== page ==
Here is a uniquely 21st-century problem that blind people face: They hear someone say, “Hello” and retort with a “hello.” Then the first speaker trails off into what seems like a non sequitur, and the blind pedestrian awkwardly realizes he or she was answering a cell phone.
“It’s a very real scenario,” says Chieko Asakawa, a researcher at IBM, who has been blind since age 14. “Often a person says ‘hi’ and I say ‘hi’ back and colleague tells me he was talking on the phone. Socialization is a very big challenge.”
But Asakawa, a veteran IBM researcher whose past projects have included a Braille word processor and a talking Web browser, has a solution—one that relies on the same technology that begat the dilemma.
Asakawa, an IBM research fellow, is currently the IBM Distinguished Service Professor in CMU’s Robotics Institute. She and her collaborators, Kris Kitani of the Robotics Institute and Jeffrey Bigham of the Human-Computer Interaction Institute, imagine a time when a blind person will plug into a smart phone app that connects to a sensor signal, which will guide them step by step, literally, through a public space. The same Siri-like voice that will someday be able to tell them to “walk three steps and open the door on the left” also might then identify passersby via facial recognition software. It will even say if the acquaintance seems happy or sad, and whether or not they’re holding a phone to their ear.
Called NavCog, it’s one of several projects under development by CMU and IBM researchers that seeks to use personal technology to help people with sight impairments. From apps to helper robots, it’s the kind of technology has the potential to remold almost every aspect of the lives of the blind.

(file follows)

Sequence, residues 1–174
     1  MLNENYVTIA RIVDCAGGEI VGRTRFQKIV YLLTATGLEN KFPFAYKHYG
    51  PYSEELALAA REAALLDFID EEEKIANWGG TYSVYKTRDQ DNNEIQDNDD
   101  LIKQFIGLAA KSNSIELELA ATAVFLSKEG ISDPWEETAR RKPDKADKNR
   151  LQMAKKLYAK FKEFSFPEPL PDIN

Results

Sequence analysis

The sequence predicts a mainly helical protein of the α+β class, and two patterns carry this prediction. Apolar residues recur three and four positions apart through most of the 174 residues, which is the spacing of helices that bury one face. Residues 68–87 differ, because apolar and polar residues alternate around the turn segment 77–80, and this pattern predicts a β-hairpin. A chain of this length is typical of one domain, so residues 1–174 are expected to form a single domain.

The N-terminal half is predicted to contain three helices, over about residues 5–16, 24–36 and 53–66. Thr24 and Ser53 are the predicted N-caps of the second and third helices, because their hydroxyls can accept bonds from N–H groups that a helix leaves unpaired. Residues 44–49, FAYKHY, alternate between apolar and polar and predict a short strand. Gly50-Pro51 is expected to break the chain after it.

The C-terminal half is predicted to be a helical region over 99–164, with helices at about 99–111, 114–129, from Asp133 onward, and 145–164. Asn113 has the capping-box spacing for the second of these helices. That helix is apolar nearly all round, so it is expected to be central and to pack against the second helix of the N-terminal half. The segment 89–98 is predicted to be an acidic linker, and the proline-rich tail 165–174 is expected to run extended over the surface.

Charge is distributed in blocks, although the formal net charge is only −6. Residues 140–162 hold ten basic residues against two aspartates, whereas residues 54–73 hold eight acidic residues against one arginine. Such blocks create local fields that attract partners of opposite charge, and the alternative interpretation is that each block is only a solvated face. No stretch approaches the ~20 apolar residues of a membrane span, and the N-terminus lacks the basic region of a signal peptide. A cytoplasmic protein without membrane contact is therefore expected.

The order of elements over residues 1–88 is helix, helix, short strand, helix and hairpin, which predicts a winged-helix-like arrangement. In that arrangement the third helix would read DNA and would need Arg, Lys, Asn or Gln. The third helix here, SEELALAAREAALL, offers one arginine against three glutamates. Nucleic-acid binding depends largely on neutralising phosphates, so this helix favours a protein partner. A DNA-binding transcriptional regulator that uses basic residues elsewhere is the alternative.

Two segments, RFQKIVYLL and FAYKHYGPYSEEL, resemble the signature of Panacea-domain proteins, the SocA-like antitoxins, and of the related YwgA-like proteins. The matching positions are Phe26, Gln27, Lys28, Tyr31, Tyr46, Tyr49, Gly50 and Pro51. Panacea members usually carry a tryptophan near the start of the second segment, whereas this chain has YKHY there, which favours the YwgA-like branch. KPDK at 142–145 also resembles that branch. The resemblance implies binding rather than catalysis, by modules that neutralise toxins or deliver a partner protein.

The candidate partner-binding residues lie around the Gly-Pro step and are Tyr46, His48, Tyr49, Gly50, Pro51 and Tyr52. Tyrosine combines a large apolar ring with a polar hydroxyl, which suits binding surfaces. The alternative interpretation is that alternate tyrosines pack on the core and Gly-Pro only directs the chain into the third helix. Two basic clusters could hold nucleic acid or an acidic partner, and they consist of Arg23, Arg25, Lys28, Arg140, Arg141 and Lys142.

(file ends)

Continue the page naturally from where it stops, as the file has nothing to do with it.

“Blind people hope to gain much from well-designed and robustly implemented technology,” says M. Bernardine Dias, an associate research professor at the Robotics Institute. “In many situations, technology can play a critical role in enhancing independence, safety, and access to new opportunities for blind people and people with visual impairments and other disabilities.”
Asakawa says that her current work represents a leap into the “real world.” “My [past] research focus has been about information on the net,” she says. “Now, I am thinking, ‘How can I get to the classroom, the post office, the museum?’”
The NavCog project on which she is working has spread 250 Bluetooth signal emitters called beacons—white squares a bit smaller than the average smoke detector—through three School of Computer Science buildings: Newell-Simon Hall, the Gates Center for Computer Science and Wean Hall. The signal currently offers directions around campus. You can plug in, choose start and end points, and a voice guides you. “It’s like a navigation system that makes both outdoor and indoor navigation seamless, for humans,” Asakawa says. Her team hopes that someday, major foot-traffic areas—like airports, bus stations, malls and concert venues—are dotted with beacons to make areas more accessible for people with limited or no vision. They hope to add other facets, such as facial recognition, to an overall smart phone package for the sight impaired, allowing an easier pedestrian experience.